Exome analysis with SOPHiA DDM and Alamut Visual Plus™ 

The SOPHiA DDM™ Platform for rare and inherited disorders accurately detects a range of variant classes, with high sequence coverage uniformity even in complex and GC-rich regions. Where multiple combinations of NGS technologies can introduce artifacts and inconsistencies, the SOPHiA DDM™ Platform filters the noise and bias to deliver advanced analytical performance independent of the input. This high-quality, noise-filtered output is used to accurately detect CNVs with exon-level resolution. The platform even covers ∼200 variants in non-coding regions and the entire mitochondrial genome to ensure comprehensive exome analysis. No matter the variant type — SNV or CNV — SOPHiA GENETICS’ analytics provide optimized variant detection in a single experiment. 

Where pinpointing pathogenic mutations can be difficult, SOPHiA DDM™ complemented by Alamut Visual Plus™ can help cut through the noise and enable a deep exploration of variants. Together, the two technologies annotate variants with information from more than 55 world-renowned biological databases and repositories, including missense and splicing predictors. The SOPHiA DDM™ Platform offers additional filtering features such as Virtual Panels to limit interpretation to genes associated with specific disorders, Cascading Filters to reduce analysis to variants with specific characteristics, and Familial Variant Analysis for consideration of parental samples and inheritance mode. For on-the-ground level accuracy, users benefit from becoming members of the SOPHiA GENETICS Community, where experts flag variant pathogenicity to improve interpretation, even of VUS. Finally, for efficient and user-friendly interpretation, Alamut Visual Plus™ enhances the visualization of variants in a comprehensive full genome browser.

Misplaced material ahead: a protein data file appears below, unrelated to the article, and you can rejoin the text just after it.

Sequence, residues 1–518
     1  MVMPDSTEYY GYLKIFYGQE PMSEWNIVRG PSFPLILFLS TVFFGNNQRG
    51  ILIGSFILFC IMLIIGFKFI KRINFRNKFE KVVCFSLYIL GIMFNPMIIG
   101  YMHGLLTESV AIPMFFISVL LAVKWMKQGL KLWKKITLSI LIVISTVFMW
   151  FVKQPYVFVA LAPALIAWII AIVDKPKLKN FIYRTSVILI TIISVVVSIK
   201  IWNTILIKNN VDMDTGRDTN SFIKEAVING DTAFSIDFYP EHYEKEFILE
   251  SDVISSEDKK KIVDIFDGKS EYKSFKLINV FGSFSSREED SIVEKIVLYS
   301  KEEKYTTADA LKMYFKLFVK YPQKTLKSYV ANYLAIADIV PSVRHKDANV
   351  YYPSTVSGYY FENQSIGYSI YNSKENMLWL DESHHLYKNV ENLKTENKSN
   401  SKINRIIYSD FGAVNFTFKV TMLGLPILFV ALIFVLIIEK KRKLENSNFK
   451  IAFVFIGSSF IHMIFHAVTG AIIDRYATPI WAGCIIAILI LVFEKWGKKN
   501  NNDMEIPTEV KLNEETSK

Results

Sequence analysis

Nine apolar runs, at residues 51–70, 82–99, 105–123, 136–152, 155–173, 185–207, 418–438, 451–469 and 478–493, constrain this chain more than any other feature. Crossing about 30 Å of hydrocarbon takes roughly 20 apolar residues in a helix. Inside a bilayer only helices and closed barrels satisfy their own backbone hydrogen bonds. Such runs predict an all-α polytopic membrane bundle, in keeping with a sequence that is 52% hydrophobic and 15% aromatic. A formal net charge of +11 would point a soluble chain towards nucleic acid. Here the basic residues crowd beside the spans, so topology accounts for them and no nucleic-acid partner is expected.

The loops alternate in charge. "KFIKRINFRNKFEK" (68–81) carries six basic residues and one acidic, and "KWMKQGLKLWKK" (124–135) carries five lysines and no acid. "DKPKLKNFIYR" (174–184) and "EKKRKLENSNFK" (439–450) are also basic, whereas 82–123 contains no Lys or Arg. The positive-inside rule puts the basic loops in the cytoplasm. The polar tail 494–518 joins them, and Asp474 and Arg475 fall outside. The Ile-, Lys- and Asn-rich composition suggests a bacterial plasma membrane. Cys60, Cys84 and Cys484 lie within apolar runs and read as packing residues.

Integrated filtering and prioritization features in SOPHiA DDM™ and Alamut Visual Plus™ narrow exome results to a manageable number of relevant variants for further investigation. 

Innovations in sequencing and analysis aren’t slowing, and researchers need tools to keep afloat in the flood of data. Analytical technologies like SOPHiA DDM™ and Alamut Visual Plus™ are ideal parts of a researcher’s arsenal to find pathogenic variants and get clear answers from complex WES datasets. 

References 

  1. Samuels DC, et al. Trends Genet 2013;29:593-9.  
  2. The Cost of Sequencing a Human Genome. National Human Genome Research Institute. https://www.genome.gov/about-genomics/fact-sheets/Sequencing-Human-Genome-cost 
  3. Clark MM, et al. npj Genomic Medicine 2018;3:16. 
  4. Martinez-Granero F, et al. npj Genomic Medicine 2021;6:25. 
  5. Barbitoff YA, et al. Sci Rep 2020;10:2057. 
  6. Norton ME, et al. Am J Obstet Gynecol 2022;226:128. 
  7. Sawyer SL, et al. Clin Genet 2016;89:275-84. 
  8. Chilamakuri CSR, et al. BMC Genomics 2014;15:449. 
  9. Warr A, et al. G3 (Bethesda) 2015;5:1543-50. 
  10. Miller DT, et al. Am J Hum Genet 2010;86:749-64.  
  11. Rajagopalan R, et al. Genome Med 2020;12:14. 
  12. Wakap SN, et al. Eur J Hum Genet 2020;28:165-73. 
  13. Weedon MN, et al. Am J Hum Genetics 2011;89:308-312. 
  14. Xia X, et al. PLoS One 2016;11:e0156981. 
  15. Carson AR, et al. BMC Bioinformatics 2014;15:125. 
  16. Gilissen C, et al. Eur J Hum Genet 2012;20:490-7.